U.S. Missile Defenses Enhanced to Deal With Growing Threat, General Says

A senior U.S. Defense Department official said the rising risk of missile attack has led the United States to pursue a concerted expansion of its missile defenses, the Washington Times reported today (see GSN, Feb. 2).

"We can't get the genie back in the bottle … the threat is growing and proliferating … it is inherently unpredictable, and we need a flexible missile-defense program that is responsive," the head of the Missile Defense Agency, Army Lt. Gen. Patrick O'Reilly, said in recent remarks on the 2010 Ballistic Missile Defense Review.

An agency newsletter last week detailed the latest plans for fielding new land-and sea-based defenses across the globe. Plans encompass a program to deploy by October 30 long-range missile interceptors in Alaska and California (see related GSN story, today).

Within two years, the Pentagon is expected to have another 10 naval vessels equipped with Aegis ballistic missile defense systems. Nineteen warships are already using the technology. By the end of this year, 20 Navy ships with 61 Standard Missile 3 interceptors are also anticipated to be deployed.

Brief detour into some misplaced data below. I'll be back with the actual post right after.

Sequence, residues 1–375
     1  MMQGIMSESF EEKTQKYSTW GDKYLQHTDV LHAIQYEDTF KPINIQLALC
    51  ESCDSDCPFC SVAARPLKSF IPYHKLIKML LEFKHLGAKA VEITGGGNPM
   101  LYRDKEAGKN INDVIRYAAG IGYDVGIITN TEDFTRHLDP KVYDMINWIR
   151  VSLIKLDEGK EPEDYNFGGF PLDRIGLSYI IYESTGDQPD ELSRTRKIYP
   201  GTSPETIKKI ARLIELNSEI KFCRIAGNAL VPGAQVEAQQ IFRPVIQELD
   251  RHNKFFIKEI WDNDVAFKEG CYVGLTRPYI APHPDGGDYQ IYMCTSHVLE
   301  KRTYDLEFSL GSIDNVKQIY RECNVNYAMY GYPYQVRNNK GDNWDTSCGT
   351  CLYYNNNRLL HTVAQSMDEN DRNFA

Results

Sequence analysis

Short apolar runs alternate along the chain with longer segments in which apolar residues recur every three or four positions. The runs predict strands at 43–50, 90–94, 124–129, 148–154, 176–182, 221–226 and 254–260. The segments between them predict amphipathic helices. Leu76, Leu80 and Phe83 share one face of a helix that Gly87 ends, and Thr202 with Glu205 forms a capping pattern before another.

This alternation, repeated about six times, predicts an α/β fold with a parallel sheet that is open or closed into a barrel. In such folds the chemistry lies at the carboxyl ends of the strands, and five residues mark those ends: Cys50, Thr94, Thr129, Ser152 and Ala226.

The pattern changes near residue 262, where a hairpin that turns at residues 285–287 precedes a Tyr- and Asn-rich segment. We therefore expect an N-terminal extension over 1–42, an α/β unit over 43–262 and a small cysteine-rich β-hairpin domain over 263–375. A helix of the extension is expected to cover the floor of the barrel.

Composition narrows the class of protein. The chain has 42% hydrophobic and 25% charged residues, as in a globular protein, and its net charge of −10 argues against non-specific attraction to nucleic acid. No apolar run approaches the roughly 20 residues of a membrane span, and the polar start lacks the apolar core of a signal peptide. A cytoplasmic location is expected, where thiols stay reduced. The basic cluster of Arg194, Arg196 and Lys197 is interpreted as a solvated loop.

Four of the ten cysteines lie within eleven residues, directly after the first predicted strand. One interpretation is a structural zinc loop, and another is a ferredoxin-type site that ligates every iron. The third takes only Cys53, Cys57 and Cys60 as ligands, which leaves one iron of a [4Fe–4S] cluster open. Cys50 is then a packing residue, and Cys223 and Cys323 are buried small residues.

The first phase of the Obama administration's revised plan for a European missile shield is also set to be put in place in 2010. It covers the fielding of Aegis warships equipped with SM-3 interceptors and sensors for the detection of missiles.

The new plan replaces a Bush-era proposal that would have deployed 10 long-range missile interceptors in Poland and a radar base in the Czech Republic (see GSN, Feb. 23).

Washington this year has had both successful and unsuccessful tests of its missile defenses. On Feb. 11, the military's new Airborne Laser successfully destroyed a simulated short-range missile. It marked the first success of a laser targeting and eliminating a missile in the beginning stage of flight (see GSN, Feb. 12).

At the end of January, a test of a land-based, long-range missile interceptor was deemed a failure when the interceptor failed to strike a target missile (Bill Gertz, Washington Times, March 4).

March 4, 2010
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A senior U.S. Defense Department official said the rising risk of missile attack has led the United States to pursue a concerted expansion of its missile defenses, the Washington Times reported today (see GSN, Feb. 2).